I’m generally on the look out for different views and perspectives (seeing the familiar differently) so I did what now comes fairly naturally and walked round the sculpture to see what other views had to offer. And that led to this:

sculpture of fish, nets and boats in close-up

fishing heritage

Now, I find this much more creatively and artistically satisfying. This was taken from the other side of the sculpture, looking back towards where the previous one was shot from. Now we are shooting much more into the light and creating more contrast. I decided to get in close and fill the frame with the fish and net. The lamp posts in the background are enough to indicate that this is outside and I deliberately chose a wide aperture here to minimise depth of field and throw them out of focus. In post, I was tempted to emphasise the contrast and go for a black and white finish,  but I like the subtle colour in the evening sky and, when you look, there are also subtle hues to be picked up on the sculpture. I thought it was worth preserving those and adding to the interest.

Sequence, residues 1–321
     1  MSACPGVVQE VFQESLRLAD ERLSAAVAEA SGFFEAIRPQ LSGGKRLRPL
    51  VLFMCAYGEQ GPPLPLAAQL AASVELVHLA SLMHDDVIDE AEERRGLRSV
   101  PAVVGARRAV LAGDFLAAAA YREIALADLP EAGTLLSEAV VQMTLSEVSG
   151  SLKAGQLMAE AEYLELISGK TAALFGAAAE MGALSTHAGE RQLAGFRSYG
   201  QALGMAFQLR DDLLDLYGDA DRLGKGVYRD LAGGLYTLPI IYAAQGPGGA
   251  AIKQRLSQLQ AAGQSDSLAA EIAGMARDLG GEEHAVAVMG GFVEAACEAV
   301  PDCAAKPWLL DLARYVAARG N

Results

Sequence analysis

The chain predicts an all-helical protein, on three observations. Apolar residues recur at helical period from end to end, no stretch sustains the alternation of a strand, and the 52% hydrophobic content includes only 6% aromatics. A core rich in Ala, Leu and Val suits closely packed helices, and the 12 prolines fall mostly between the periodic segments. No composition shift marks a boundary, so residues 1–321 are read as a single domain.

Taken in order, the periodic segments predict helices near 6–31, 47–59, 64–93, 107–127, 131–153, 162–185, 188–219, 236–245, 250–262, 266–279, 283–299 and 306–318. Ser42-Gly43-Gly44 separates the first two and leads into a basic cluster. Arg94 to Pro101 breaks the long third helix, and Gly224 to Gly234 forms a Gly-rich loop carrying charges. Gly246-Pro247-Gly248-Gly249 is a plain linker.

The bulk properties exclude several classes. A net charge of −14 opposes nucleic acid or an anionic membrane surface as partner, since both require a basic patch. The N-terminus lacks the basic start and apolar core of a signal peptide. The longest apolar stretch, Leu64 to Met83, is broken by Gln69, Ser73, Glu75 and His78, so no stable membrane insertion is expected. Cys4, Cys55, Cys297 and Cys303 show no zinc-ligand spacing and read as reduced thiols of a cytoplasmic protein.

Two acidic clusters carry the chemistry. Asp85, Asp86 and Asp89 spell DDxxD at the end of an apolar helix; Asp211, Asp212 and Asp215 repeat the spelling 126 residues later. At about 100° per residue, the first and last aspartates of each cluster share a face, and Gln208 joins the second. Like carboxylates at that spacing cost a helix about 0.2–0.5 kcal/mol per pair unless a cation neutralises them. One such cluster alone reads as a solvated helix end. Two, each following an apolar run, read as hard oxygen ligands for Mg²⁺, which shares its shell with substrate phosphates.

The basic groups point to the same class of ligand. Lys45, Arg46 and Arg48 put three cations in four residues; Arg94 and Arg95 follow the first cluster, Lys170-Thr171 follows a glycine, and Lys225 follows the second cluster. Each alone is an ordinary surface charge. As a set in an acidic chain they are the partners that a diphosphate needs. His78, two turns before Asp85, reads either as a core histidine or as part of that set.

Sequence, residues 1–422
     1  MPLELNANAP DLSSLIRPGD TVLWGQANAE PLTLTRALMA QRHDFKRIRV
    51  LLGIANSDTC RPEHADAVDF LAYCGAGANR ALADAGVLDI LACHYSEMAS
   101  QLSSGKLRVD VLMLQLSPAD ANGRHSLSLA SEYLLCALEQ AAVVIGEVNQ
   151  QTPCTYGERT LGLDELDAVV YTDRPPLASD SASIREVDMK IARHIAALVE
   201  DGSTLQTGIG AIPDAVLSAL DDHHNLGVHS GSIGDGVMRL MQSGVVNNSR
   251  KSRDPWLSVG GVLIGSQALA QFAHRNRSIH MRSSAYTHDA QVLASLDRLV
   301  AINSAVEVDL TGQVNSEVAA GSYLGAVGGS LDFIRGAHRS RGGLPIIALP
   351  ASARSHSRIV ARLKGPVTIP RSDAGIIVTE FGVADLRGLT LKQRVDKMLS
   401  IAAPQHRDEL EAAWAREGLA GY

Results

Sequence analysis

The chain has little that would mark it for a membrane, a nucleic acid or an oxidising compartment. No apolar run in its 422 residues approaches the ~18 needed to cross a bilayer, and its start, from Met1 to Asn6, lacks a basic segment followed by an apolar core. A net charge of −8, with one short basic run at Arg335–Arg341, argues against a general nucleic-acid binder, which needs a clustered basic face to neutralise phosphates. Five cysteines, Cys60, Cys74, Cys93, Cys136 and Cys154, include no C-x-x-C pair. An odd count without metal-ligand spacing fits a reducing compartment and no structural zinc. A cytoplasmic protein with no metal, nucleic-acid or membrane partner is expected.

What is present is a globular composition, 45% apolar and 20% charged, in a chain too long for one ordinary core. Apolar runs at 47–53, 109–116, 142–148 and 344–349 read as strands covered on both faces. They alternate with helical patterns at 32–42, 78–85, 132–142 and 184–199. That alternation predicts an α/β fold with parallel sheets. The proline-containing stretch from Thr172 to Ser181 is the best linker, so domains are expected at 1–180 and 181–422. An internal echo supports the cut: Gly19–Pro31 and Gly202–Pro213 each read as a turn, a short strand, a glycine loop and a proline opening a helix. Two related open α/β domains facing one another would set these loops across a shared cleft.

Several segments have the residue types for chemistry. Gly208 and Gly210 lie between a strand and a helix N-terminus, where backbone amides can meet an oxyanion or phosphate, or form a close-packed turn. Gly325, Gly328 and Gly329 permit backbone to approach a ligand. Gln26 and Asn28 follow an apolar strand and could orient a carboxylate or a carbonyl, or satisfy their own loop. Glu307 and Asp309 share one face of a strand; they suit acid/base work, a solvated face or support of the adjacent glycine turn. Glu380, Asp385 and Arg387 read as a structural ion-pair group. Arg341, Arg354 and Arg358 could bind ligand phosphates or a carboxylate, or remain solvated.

So there we have it. Changing your point of view when photographing a subject can radically alter how you portray it. I said at the start that when you do this things sometimes just look better. Well, I have my preference, but what do you think? I’d be fascinated to see some comments.

Of course, much depends on what you are shooting the image for – there’s my caveat.

 

 

Focus folly

two men standing in a doorway at night

two men and a doorway

Here’s a curious one, which I’m calling a focus folly.

I was in St Andrews to get some photos of their St Andrews Day celebrations, but mainly the fireworks. Walking along the street my attention was taken by these two chaps standing in a doorway having a smoke. My line of sight was across the rooftop of a parked car and the way the light was falling on the raindrops intrigued me as a foreground. I had no time to set up a tripod so getting anything here was reliant on being quick and hand-held with a fast enough shutter speed to avoid camera shake. This meant a high ISO of 10000 and the inevitable grain that would go with it. I quickly chose my composition and, using an aperture of f5.6 took two shots – one with the foreground droplets as the focal point and a second with the two men as the focal point. At this time I had no idea what I might end up doing with the shots, if anything.